Shares of drugmaker CV Therapeutics
In this large phase 3 study, Ranexa was being tested as a treatment for a group of heart ailments known as acute coronary syndromes (ACS). Details in today's press release from CVT were light, but the drug failed to improve clinical outcomes in patients suffering from ACS. On the bright side, management intimated that the drug's safety was not in question, although we'll have to wait until the study's data set is released at a medical conference in three weeks.
Ranexa is already approved and marketed as a treatment for angina (chest pain due to lack of blood and oxygen to heart). In its first partial year on the market in the U.S., sales of the drug were $18 million in 2006, but have been held back due to a restrictive label indicating its use only for patients who don't respond positively to other angina treatments.
If the data from the phase 3 study does truly show Ranexa to be safe and is supportive enough, it could convince the FDA to expand the Ranexa label to front-line use in patients suffering from angina, since CVT had an agreement in place regarding what was needed to get the improved labeling for the drug. A ruling on the drug's marketability in Europe should also come later this year, and if CVT does the sensible thing and finds a marketing partner in Europe, then a partnership agreement could be in the works as well.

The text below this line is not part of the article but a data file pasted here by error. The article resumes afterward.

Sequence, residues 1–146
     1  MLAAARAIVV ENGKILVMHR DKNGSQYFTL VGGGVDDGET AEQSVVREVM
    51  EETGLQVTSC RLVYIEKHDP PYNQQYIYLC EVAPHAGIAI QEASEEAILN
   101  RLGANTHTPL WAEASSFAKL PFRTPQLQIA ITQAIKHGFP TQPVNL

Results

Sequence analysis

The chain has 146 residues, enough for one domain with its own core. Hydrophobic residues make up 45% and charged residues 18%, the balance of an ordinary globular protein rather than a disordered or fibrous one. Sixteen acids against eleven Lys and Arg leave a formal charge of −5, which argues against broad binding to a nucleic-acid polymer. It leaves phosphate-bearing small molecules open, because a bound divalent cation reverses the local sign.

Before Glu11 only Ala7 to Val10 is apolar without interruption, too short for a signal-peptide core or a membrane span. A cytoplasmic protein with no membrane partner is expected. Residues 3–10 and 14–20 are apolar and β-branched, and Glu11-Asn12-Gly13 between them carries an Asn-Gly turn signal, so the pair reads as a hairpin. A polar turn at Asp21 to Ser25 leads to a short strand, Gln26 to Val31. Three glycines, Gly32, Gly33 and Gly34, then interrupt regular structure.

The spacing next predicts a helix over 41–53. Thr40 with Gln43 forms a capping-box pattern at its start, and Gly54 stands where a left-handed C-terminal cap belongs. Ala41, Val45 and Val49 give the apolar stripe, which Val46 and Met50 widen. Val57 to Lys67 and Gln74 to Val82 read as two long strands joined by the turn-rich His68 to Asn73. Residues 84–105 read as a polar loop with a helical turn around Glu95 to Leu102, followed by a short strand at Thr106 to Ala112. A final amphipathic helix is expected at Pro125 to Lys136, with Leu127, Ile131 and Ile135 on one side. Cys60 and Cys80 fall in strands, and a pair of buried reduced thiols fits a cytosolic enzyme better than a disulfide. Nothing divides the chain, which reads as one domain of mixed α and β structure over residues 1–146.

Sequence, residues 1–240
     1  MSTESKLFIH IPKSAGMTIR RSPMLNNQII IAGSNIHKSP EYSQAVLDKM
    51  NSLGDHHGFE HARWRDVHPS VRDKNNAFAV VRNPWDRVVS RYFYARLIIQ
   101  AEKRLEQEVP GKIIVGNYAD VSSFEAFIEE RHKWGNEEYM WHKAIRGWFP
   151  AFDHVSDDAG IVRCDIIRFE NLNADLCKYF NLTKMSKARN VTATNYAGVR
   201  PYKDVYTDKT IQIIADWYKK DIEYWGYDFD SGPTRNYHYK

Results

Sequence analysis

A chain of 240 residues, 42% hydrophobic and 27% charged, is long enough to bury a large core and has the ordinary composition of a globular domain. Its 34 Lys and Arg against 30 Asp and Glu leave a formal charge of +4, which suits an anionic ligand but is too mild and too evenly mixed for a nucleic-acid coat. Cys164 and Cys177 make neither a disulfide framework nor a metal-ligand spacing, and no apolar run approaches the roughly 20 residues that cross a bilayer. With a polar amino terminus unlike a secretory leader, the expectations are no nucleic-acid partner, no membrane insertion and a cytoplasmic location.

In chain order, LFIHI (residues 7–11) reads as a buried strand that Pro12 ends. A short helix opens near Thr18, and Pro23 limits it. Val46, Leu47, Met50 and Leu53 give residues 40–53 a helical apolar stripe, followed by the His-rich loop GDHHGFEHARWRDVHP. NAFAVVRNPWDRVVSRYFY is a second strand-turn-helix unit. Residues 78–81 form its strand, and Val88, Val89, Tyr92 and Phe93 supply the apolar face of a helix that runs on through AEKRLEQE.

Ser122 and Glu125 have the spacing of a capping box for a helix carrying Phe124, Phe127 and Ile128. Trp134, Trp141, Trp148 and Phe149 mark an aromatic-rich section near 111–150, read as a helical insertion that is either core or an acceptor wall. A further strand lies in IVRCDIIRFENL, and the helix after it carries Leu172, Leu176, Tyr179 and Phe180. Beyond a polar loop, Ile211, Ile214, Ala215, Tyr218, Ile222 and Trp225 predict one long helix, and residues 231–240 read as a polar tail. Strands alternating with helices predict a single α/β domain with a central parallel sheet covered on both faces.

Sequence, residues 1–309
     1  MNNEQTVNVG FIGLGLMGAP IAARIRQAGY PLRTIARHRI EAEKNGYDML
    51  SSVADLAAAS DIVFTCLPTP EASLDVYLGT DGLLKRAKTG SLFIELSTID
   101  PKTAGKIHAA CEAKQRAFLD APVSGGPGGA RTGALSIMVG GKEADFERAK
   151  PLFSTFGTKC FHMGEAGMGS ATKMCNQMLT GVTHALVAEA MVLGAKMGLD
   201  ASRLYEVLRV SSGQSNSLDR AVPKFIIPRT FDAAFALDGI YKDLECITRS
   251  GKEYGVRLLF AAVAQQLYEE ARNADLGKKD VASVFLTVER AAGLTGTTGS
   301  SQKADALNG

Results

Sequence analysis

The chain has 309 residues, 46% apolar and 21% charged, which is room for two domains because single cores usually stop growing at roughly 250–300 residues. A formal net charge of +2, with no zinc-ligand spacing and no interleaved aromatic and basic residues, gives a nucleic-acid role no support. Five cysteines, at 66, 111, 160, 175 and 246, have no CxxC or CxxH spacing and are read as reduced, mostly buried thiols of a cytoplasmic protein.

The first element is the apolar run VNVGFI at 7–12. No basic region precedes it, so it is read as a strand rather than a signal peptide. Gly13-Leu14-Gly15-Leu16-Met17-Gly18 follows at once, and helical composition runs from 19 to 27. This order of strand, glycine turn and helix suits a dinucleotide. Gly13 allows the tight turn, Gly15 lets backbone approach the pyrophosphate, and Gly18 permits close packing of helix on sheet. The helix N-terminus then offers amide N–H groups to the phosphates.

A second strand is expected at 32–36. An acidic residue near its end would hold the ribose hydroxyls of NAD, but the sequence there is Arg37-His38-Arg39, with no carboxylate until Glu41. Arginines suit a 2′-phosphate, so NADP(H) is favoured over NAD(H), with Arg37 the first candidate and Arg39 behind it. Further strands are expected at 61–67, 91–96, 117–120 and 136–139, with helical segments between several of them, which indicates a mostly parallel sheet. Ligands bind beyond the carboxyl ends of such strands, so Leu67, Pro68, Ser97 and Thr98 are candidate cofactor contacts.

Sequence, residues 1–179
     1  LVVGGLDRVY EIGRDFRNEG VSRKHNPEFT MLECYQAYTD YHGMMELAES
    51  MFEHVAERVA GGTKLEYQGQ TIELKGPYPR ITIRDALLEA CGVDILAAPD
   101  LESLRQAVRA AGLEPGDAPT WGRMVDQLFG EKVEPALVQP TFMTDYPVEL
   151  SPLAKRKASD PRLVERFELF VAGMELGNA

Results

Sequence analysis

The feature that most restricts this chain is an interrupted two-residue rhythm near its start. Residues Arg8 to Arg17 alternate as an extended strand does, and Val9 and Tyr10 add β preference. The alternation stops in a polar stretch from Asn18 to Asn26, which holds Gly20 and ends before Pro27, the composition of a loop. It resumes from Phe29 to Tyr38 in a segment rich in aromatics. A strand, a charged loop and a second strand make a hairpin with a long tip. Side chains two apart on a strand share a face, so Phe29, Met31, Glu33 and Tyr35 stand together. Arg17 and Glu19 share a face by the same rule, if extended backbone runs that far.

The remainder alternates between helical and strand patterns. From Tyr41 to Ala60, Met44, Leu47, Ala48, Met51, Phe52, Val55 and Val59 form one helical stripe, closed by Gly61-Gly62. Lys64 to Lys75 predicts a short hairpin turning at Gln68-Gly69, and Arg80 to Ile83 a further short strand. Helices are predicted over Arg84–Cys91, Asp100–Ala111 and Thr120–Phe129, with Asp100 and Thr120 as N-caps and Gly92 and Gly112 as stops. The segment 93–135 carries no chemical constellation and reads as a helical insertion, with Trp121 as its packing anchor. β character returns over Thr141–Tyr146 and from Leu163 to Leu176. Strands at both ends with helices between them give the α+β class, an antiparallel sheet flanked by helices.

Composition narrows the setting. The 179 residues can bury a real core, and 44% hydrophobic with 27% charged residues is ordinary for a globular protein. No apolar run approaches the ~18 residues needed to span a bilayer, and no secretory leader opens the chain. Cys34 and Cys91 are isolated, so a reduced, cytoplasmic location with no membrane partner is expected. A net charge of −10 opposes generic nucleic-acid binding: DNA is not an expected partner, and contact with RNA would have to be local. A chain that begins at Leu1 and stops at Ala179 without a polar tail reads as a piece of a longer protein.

Since it often takes the market a while to sort out all of the details of a study and the ensuing upgrades and downgrades that follow, shares whipsaw up and down and sometimes an overreaction occurs. Whether this latest move in CVT shares presents a buying opportunity or not really depends on what the ultimate market potential of Ranexa is. With over nine million angina sufferers in the U.S. alone, though, sales of Ranexa will skyrocket if it gets approved as a front-line therapy for angina.
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